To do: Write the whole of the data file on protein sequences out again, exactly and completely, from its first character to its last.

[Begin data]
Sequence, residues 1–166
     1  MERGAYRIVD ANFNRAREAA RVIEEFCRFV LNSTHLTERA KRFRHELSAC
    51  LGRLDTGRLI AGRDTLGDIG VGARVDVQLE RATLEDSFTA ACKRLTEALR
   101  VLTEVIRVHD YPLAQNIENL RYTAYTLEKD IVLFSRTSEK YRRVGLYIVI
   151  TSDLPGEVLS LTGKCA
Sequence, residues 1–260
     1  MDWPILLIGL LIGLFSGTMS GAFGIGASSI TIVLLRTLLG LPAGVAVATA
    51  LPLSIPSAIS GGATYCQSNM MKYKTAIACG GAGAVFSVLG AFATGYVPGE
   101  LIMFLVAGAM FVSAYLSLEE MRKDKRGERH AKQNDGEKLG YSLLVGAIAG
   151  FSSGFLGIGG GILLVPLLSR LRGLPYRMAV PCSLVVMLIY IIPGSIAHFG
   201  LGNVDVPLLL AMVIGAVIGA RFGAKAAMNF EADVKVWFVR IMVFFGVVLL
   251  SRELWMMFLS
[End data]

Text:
Sequence, residues 1–166
     1  MERGAYRIVD ANFNRAREAA RVIEEFCRFV LNSTHLTERA KRFRHELSAC
    51  LGRLDTGRLI AGRDTLGDIG VGARVDVQLE RATLEDSFTA ACKRLTEALR
   101  VLTEVIRVHD YPLAQNIENL RYTAYTLEKD IVLFSRTSEK YRRVGLYIVI
   151  TSDLPGEVLS LTGKCA
Sequence, residues 1–260
     1  MDWPILLIGL LIGLFSGTMS GAFGIGASSI TIVLLRTLLG LPAGVAVATA
    51  LPLSIPSAIS GGATYCQSNM MKYKTAIACG GAGAVFSVLG AFATGYVPGE
   101  LIMFLVAGAM FVSAYLSLEE MRKDKRGERH AKQNDGEKLG YSLLVGAIAG
   151  FSSGFLGIGG GILLVPLLSR LRGLPYRMAV PCSLVVMLIY IIPGSIAHFG
   201  LGNVDVPLLL AMVIGAVIGA RFGAKAAMNF EADVKVWFVR IMVFFGVVLL
   251  SRELWMMFLS